One Great Idea: The Public Policy Challenge
Developed and run by the Fels Institute of Government, the Penn Public Policy Challenge provides students with a collaborative, innovative, and pragmatic opportunity unlike any other. Participants apply both their skills and education in a hands-on competition geared towards the development of local projects with an immediate impact. University of Pennsylvania undergraduate and graduate students from a variety of disciplines are divided into three to five member teams and tackle a public policy issue in the Greater Philadelphia area.
Last year’s winners, Team Virtual Market Philly proposed a plan to make online grocery stores available in “food deserts.” Virtual Market Philly earned $5,000 for their well-crafted proposal. This year, not only have the stakes been doubled for the Penn competition, but the Challenge has expanded to the national level, where the winning Penn team will face teams from the Robert F. Wagner School of Public Service at New York University, Heinz College at Carnegie Mellon University, the Evans School of Public Affairs at the University of Washington, and the Harris School of Public Policy at the University of Chicago . After the teams finish the competition they are encouraged to follow through with their projects and turn them into reality. After all, these are the leaders who will take the reins of public policy in the future.
Each of this year’s five Penn finalists has an innovative perspective on projects that can improve the greater Philadelphia region and aid the implementation of effective and collaborative public policy. One team, with a project entitled “Empower!,” focuses on the creation of a Spanish language radio program that will inform parents of events and happenings in the area and provide them with the tools and knowledge necessary for more involved participation in their children’s education. Another team, called “Liberty Bike Share,” plans to create a bike share program in Philadelphia. A third team named “Closing Schools, Opening Opportunities”, proposes to counter the adverse economic and social effects of school closures by redeveloping nine vacant school properties into community centers. The last two finalists focus on aid access for high poverty neighborhoods. “Philly Benefits Bus,” advocates for a mobile center to increase accessibility of public benefits, and “Medical Home Model,” aims to improve the ambulatory healthcare services provided by the City of Philadelphia.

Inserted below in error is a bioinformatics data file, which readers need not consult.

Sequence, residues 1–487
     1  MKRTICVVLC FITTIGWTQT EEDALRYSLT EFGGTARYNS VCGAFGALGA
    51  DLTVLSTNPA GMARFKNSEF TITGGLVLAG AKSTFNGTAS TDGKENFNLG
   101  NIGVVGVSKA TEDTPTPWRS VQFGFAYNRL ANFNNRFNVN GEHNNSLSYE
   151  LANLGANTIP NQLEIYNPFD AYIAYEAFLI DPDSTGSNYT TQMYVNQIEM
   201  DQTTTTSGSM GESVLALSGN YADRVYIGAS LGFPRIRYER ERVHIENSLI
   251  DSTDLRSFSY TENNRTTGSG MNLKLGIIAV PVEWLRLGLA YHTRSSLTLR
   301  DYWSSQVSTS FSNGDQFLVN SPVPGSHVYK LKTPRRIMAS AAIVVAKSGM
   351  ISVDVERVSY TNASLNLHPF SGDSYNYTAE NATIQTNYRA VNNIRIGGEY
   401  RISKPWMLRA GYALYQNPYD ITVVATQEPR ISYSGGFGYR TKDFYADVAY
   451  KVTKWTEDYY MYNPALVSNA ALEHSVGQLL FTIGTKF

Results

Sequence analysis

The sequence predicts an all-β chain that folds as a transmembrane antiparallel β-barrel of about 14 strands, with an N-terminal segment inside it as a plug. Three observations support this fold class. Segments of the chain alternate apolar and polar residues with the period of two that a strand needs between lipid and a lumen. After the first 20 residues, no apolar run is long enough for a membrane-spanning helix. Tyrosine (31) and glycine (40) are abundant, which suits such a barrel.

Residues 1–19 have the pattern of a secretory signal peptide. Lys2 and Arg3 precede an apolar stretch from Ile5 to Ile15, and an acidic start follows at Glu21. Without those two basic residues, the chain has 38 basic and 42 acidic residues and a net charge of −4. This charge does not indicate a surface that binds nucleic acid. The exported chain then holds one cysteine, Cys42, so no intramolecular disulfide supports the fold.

The most practical and personal program in public management in the Ivy League, the Fels Institute of Government embodies the core attributes of The Public Policy Challenge. By encouraging students to apply the knowledge and skills acquired in their academic studies to real world problems, the Challenge equips students with the tools to craft their vision for a greater city. As the Challenge continues follow these five incredible teams on their exciting journey to improve public policy throughout the Philadelphia region and the country.